"The fact that a movie is X-rated does not make it obscene," said Fairfax Commonwealth's Attorney Robert F. Horan. "The rule of thumb we use is to send two police officers out and if they consider it obscene, normally it will convince 12 jurors." Horan and Hudson said obscene films usually involve particularly graphic sexual behavior.

Still, most merchants seem to prefer to err on the side of caution. "Selling [X-rated] films is verboten here," said Lynne Warrick, co-owner of the Stage Door. "We are not permitted to sell or rent [X-rated] movies in Fairfax County, that's a matter of law. We tell everyone they have to go to the District or Maryland."

One store in Arlington also refers customers to Alexandria where, so far, police have not brought any cases against local video stores. "We would take it on a case by case basis," said Assistant Alexandria Commonwealth's Attorney Richard Mendelsohn. "We would wait until we had a complaint."

Police in Montgomery County also said no obscenity charges have been brought against video stores there recently. In Prince George's, an obscenity case was brought last year against the owner of American Video after a Laurel policeman seized a tape of "Debby Does Dallas." The owner pleaded guilty to a pornography charge in Circuit Court and paid a $100 fine, said Assistant State's Attorney Raymond Ciarrochi. An American Video employe said this week that the store has since moved to Howard County.

Since that case, Ciarrochi said, Prince George's has brought no other charges against video stores, although it has continued prosecution against traditional "adult" book stores. Some argue that that in itself reflects a double standard by police.

"It has been my experience that this type of enforcement . . . is aimed at particular stores in particular neighborhoods," said Hyattsville attorney Fred Joseph, who represents several clients charged in obscenity cases. "It's the same argument that was applied to the ban on head shops when the same items could be bought in hardware stores or department stores."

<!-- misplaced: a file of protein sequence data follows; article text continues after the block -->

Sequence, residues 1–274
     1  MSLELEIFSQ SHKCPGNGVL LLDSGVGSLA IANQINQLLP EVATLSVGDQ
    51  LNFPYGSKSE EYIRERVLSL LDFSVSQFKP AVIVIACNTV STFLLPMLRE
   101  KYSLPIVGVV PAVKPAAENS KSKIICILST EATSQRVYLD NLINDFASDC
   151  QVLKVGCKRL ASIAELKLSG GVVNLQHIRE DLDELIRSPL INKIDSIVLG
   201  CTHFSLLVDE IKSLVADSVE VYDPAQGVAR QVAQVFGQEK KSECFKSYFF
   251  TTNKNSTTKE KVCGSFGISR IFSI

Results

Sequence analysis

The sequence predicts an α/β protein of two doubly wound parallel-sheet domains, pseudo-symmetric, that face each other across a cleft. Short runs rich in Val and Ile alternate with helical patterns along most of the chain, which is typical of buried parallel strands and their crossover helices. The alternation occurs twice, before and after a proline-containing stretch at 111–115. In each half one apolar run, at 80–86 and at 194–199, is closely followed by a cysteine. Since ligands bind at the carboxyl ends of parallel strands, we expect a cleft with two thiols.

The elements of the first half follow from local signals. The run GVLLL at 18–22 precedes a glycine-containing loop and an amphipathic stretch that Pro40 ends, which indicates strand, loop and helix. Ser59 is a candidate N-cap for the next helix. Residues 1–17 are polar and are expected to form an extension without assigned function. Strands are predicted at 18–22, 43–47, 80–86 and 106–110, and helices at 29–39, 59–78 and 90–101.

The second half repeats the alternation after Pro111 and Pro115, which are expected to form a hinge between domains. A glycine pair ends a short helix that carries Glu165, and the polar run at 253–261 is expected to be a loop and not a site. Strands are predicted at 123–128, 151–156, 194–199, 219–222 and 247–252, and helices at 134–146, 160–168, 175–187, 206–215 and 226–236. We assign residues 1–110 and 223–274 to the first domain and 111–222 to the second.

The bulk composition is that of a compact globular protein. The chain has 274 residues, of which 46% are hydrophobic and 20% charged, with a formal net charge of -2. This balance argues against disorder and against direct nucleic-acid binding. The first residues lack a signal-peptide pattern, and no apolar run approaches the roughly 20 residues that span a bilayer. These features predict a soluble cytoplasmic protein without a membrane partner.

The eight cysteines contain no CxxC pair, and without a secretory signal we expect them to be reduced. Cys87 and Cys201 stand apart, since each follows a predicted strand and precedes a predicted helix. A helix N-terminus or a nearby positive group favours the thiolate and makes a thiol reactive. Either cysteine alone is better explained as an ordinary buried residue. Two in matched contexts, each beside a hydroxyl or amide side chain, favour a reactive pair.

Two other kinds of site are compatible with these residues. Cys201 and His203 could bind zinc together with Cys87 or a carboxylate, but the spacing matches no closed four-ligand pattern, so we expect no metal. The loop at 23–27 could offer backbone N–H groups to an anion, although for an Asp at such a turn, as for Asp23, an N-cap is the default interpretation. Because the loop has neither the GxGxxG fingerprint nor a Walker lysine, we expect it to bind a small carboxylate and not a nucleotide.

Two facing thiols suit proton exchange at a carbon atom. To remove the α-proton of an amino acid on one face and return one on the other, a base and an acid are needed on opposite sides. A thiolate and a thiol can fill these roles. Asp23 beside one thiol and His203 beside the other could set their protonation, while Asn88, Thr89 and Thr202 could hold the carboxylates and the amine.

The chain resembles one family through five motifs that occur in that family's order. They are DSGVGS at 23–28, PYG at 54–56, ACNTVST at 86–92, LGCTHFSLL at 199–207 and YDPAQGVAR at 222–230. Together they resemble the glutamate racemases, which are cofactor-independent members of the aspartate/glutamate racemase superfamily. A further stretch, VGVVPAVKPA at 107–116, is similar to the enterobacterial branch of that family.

Still, legal uncertainties were enough to prevent Schwartz Brothers, a Lanham-based company that has become the region's largest distributor of video cassettes, from entering the "hard-core" field. "We've had a lot of pressure from manufacturers to carry those products," said Charles Meyers, a buyer for the company. "Our lawyers investigated and what they came up with was that Maryland had a bunch of vague laws and seeing as we are a public company, we decided not to do it."

Washington, like other urban centers, is more liberal in its definition of obscenity than some of its neighboring suburbs. Under standards set by the U.S. Attorney, obscenity cases are only brought under extreme circumstances when the material displays child pornography, bestiality, hard-core sado-masochism or other particularly offensive sexual behavior. Detective Joseph Haggerty of the city's Morals Division said he knew of no prosecutions against video stores in the city.

As a result, video stores in the District use their own discretion. Of the 2,000 cassettes in stock at Video Supermarket on Connecticut Avenue, manager Elmer Cooper estimates about 15 percent are adult films. The rental prices for these is $5 a day.

"We get a lot of Virginia customers," said Cooper. "I don't mind at all in one way. But in another way, I do mind. I think those policies infringe on their civil liberties."

Across the country, standards on "hard-core" pornographic films vary. "These are tricky issues in the video age," said George Atkinson, president of Video Stations, a California distribution company that also has 500 franchises across the country. "What might apply in Los Angeles might get you in a lot of trouble in Texas. What we tell people is that they have to fend for themselves and to use common sense."